Born in Dover, Delaware, Cyrus Cassells grew up in the Mojave Desert near Los Angeles, California. He earned a BA from Stanford University. Cassells is the author of The Mud Actor (1982), winner of the 1981 National Poetry Series competition; Soul Make a Path through Shouting (1994), nominated for the Pulitzer Prize and winner of the William Carlos William Award; Beautiful Signor (1997), winner of the Lambda Literary Award; More Than Peace and Cypresses (2004); and The Crossed-Out Swastika (2012). His writing has appeared in PloughsharesIndiana ReviewAGNIThe Literati QuarterlyBoston Review, and elsewhere. Cassells’s poetry examines personal encounters with history, love and eroticism, and suffering and violence. On The Crossed-Out Swastika, reviewer Dan Shewan said, “Cassells approaches his subject with diligence, often choosing to craft poems inspired by the struggles and experiences of real people. … The sense of pace is beautifully sustained throughout the collection, alternating between frantic moments of panic to somber reflections on the nature of suffering.”

Cassells has held fellowships with the National Endowment for the Arts and the Rockefeller Foundation. He has received the Lannan Literary Award, the Peter I.B. Lavan Younger Poet Award, and two Pushcart Prizes. Cassells, who also works as a translator, film critic, and actor, teaches at the MFA program at Texas State University-San Marcos. He lives in Austin.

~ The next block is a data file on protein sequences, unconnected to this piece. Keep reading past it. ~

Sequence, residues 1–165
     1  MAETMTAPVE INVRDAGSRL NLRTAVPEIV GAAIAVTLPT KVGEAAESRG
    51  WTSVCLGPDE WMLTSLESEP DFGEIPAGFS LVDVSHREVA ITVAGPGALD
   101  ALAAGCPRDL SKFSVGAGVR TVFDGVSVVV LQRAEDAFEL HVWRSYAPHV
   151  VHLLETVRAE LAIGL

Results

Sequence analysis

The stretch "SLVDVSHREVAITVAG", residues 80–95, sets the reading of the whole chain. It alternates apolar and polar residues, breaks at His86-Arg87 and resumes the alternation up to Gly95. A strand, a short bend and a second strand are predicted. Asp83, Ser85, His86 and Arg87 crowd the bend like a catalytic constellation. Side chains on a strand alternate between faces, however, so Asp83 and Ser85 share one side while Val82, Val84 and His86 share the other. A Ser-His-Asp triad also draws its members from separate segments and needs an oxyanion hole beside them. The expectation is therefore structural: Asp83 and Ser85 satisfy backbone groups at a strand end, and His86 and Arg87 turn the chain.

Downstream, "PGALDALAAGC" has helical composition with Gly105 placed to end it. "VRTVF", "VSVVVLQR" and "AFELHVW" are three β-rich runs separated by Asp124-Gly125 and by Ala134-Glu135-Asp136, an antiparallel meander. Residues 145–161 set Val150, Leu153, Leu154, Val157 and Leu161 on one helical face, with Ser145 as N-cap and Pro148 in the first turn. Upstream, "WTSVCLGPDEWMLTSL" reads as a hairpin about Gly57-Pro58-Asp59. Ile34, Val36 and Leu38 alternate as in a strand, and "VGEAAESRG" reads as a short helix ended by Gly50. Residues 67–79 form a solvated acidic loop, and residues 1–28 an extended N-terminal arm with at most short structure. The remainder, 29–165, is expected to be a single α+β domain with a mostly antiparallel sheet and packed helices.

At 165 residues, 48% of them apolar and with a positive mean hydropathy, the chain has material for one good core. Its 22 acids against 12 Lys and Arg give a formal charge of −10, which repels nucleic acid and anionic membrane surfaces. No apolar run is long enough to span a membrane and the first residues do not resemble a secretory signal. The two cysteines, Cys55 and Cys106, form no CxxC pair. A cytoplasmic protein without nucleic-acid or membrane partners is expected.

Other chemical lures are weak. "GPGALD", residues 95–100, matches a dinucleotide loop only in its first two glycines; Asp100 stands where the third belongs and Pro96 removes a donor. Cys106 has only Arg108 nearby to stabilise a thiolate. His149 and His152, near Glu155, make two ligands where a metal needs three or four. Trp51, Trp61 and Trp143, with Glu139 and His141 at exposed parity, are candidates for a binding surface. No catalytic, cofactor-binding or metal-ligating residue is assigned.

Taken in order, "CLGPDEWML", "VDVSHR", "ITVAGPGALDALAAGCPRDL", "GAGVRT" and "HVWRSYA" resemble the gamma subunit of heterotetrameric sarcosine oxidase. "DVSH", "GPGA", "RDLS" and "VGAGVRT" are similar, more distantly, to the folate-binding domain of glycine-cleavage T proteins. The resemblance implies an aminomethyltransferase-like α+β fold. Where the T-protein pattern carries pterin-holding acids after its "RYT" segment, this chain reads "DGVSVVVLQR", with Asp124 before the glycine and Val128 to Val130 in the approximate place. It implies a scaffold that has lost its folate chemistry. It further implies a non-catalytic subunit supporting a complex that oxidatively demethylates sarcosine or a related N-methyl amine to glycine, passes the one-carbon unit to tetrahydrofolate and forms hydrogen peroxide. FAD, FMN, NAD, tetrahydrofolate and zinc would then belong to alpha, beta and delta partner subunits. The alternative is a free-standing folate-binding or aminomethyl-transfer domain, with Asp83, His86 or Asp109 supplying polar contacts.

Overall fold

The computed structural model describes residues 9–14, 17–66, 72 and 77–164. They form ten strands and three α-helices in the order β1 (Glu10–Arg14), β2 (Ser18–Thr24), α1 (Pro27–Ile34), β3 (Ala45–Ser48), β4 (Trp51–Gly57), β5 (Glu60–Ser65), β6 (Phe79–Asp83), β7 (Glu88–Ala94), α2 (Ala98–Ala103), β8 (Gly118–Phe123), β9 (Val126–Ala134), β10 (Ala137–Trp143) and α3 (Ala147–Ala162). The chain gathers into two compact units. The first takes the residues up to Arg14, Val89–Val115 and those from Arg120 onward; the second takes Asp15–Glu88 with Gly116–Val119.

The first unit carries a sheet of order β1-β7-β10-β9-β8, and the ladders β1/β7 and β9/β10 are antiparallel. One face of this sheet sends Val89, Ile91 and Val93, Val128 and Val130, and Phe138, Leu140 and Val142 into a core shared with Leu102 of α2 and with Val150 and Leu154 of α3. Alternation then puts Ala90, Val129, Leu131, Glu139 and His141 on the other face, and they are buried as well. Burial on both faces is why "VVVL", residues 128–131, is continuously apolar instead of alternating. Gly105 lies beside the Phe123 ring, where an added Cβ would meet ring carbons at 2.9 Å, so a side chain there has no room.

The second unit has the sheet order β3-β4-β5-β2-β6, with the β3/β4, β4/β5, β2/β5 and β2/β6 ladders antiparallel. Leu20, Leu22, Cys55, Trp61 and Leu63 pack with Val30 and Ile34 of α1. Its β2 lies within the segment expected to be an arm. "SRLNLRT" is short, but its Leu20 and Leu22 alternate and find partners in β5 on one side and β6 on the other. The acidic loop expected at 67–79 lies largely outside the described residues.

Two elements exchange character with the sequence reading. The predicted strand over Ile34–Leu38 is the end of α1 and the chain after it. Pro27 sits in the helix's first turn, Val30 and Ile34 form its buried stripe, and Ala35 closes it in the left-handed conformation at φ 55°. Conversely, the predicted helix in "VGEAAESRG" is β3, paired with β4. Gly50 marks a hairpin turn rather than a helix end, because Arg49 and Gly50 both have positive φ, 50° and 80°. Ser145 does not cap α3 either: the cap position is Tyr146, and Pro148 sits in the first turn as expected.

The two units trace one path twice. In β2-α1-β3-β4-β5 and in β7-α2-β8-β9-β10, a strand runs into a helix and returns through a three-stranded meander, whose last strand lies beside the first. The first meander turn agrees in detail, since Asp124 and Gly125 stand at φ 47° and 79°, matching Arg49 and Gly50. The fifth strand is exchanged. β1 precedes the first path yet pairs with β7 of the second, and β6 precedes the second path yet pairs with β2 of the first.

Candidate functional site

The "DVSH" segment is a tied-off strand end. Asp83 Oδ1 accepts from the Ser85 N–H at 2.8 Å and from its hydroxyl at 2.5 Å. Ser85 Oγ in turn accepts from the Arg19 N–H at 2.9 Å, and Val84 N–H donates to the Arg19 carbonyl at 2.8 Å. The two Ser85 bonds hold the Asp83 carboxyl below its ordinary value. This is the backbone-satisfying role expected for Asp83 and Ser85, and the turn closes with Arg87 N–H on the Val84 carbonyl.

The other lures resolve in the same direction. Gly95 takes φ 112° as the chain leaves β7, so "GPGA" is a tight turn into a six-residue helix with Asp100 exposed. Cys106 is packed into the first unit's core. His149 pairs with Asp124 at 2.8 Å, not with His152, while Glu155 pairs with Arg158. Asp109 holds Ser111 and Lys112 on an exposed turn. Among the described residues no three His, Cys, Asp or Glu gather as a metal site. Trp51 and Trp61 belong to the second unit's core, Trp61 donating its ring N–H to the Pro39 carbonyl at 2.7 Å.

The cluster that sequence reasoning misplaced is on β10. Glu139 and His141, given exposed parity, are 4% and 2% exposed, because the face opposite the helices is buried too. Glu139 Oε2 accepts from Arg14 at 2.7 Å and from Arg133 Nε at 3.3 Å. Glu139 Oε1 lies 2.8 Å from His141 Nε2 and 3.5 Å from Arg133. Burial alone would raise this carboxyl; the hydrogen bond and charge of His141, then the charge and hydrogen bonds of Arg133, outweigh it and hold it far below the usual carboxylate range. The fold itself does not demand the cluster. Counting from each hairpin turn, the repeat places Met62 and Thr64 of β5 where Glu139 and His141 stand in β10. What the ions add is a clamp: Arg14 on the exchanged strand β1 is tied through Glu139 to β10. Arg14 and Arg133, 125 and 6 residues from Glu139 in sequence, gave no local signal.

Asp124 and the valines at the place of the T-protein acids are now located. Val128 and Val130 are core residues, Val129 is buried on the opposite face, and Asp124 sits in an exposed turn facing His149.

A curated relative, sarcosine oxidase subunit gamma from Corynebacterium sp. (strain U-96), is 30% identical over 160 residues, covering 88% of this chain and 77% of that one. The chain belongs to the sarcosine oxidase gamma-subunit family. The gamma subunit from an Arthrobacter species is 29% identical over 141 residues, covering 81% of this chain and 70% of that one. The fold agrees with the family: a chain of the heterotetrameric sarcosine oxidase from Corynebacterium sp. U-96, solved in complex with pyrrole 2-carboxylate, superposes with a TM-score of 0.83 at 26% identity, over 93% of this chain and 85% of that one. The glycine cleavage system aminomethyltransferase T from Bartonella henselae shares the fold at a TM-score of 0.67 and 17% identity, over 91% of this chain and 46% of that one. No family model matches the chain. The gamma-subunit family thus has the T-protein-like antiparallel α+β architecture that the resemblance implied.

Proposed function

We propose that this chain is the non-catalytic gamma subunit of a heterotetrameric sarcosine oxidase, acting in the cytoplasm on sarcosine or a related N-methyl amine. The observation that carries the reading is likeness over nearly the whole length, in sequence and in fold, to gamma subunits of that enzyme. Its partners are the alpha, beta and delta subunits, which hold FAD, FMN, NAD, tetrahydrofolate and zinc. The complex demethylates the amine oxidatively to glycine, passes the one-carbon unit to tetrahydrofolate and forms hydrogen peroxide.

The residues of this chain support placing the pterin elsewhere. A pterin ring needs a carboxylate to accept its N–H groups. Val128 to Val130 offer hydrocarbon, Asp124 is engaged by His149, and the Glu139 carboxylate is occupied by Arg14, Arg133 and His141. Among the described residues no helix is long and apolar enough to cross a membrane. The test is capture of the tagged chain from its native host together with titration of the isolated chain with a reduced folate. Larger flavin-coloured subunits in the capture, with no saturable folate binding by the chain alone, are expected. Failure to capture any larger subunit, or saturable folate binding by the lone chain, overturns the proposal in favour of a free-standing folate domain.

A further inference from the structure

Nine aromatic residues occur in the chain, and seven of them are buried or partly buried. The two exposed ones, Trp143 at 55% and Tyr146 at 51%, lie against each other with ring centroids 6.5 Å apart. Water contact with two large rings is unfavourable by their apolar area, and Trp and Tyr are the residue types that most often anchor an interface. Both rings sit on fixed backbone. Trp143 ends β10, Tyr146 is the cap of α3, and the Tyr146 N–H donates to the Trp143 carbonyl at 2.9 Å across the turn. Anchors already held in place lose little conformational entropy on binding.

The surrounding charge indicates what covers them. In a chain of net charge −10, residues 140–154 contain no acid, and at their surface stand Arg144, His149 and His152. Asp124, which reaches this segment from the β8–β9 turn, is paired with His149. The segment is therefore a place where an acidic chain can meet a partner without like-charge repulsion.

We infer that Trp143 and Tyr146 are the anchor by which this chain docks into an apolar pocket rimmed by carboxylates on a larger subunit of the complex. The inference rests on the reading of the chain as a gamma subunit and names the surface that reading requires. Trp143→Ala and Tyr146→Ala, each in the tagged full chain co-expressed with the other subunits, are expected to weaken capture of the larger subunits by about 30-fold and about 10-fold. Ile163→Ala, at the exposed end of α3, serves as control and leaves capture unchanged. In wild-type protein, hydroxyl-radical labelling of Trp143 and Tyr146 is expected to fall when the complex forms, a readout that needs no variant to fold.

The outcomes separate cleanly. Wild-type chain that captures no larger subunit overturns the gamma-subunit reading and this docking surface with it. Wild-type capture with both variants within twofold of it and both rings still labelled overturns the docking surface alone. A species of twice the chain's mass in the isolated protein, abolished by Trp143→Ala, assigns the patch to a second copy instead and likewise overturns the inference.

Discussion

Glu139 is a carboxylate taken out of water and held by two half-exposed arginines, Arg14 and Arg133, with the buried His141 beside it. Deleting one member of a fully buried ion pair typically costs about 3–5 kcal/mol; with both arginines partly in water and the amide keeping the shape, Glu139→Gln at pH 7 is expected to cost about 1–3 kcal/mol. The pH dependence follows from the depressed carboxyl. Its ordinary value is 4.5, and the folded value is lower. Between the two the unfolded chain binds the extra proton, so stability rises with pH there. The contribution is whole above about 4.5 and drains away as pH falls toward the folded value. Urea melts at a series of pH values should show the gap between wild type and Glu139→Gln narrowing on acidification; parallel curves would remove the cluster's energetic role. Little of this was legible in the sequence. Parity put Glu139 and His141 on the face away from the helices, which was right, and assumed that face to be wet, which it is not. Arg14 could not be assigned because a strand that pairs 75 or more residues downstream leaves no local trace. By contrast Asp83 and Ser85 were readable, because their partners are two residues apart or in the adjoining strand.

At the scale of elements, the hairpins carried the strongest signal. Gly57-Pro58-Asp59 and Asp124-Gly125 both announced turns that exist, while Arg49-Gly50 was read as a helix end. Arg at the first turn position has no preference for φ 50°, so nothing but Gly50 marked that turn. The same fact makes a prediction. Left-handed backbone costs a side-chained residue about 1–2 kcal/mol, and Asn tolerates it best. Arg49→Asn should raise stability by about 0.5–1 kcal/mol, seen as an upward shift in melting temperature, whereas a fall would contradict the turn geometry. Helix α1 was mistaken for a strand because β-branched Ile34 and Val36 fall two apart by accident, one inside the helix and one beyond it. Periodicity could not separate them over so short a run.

• The Mud Actor, Holt (New York City), 1982.
  • Soul Make a Path through Shouting, Copper Canyon Press (Port Townsend, WA), 1994.
  • Beautiful Signor, Copper Canyon Press, 1997.
  • More Than Peace and Cypresses, Copper Canyon Press, 2004.
  • The Crossed-Out Swastika, Copper Canyon Press, 2012.

Film critic, Bay Windows, Boston, 1991. Contributor of poetry to periodicals, including Sequoia, Quilt, WPA, Shankpainter, and Callaloo. Author of Bayok, a short film on Filipino-American dancer Gregory Silva, 1980.




Further Readings


  • Callaloo, February, 1984.
  • Fresno Bee, April 17, 1983.
  • Los Angeles Times, August 8, 1982.
  • Milwaukee Journal, July 11, 1982.
  • San Francisco Chronicle, November 30, 1982.
  • San Francisco Review of Books, January, 1983.